A patent awarded to the company this week suggests as much. It describes a truck with a bunch of storage lockers on the back containing ordered items from customers. The driverless vehicle would automatically send an alert to a customer as it nears their home. Once outside, the customer can obtain their package by swiping a payment card or entering an access code.
Once the delivery's done, the truck tootles off to its next customer.
While it should be noted that this is just a patent and therefore may never actually hit the road, it nevertheless suggests Google is looking at a multi-pronged approach for its apparent autonomous delivery plans.
The Mountain View company has happily admitted it's working on an autonomous delivery drone along similar lines to Amazon's Prime Air flying machine, while more recently we learned of another Google patent featuring a "delivery receptacle" – let's call it a high-tech box on wheels – designed to take delivery of a package from a drone and look after the item until the customer is available to receive it.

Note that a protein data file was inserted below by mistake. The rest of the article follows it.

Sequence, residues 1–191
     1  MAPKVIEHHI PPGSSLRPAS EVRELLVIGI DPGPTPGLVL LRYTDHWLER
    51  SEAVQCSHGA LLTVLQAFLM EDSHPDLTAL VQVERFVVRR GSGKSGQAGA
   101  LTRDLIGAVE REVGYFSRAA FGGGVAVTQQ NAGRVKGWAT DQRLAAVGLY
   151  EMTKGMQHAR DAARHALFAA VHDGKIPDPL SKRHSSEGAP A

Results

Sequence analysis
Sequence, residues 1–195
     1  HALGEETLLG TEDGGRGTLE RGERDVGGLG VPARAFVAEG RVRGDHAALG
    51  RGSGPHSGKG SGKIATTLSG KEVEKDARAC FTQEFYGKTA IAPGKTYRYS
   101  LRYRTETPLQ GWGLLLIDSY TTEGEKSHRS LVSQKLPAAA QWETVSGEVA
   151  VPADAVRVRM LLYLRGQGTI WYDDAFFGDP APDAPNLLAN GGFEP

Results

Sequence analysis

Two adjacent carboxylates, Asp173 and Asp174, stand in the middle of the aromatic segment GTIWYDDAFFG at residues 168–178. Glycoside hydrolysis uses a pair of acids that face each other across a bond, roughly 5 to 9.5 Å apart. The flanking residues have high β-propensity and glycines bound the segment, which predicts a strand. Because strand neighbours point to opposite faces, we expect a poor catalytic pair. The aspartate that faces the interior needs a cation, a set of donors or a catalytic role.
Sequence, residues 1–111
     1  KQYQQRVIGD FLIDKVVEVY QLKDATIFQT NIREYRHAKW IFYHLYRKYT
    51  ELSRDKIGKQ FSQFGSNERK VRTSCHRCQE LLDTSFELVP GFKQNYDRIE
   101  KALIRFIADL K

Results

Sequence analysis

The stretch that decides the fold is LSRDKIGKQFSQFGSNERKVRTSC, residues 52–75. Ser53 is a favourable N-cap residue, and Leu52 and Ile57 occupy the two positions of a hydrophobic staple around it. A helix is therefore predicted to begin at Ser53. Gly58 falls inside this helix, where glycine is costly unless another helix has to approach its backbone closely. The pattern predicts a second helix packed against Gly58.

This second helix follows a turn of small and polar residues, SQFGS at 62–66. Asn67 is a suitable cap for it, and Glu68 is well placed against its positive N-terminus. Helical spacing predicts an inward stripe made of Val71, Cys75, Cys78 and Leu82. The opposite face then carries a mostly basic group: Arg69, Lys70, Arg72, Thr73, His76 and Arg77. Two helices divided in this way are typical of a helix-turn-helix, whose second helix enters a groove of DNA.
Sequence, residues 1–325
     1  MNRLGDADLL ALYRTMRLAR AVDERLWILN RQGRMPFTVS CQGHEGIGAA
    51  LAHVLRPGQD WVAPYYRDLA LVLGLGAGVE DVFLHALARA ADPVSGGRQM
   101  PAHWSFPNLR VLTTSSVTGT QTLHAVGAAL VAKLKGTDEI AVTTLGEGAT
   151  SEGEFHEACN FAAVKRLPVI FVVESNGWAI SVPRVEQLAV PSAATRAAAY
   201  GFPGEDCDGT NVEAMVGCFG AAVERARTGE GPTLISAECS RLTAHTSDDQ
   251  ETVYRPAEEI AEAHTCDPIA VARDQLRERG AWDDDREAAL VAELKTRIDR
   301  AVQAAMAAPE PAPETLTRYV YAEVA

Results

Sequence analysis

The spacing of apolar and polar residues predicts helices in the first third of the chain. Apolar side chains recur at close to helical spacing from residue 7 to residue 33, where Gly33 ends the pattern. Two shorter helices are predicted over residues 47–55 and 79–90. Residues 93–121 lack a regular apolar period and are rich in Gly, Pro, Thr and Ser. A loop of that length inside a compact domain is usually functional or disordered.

While delivery drivers won't be getting too excited about Google's idea for a driverless delivery truck, the company will see it as an obvious transition as vehicle technology moves toward becoming more autonomous.
It'd certainly prove useful in locations where its drones don't have clearance to fly, such as over heavily built-up areas, though many companies and organizations – Google, Amazon, and NASA among them – are currently working on developing a safety-focused air traffic control system for drones to persuade the Federal Aviation Administration to loosen regulations on such flights.
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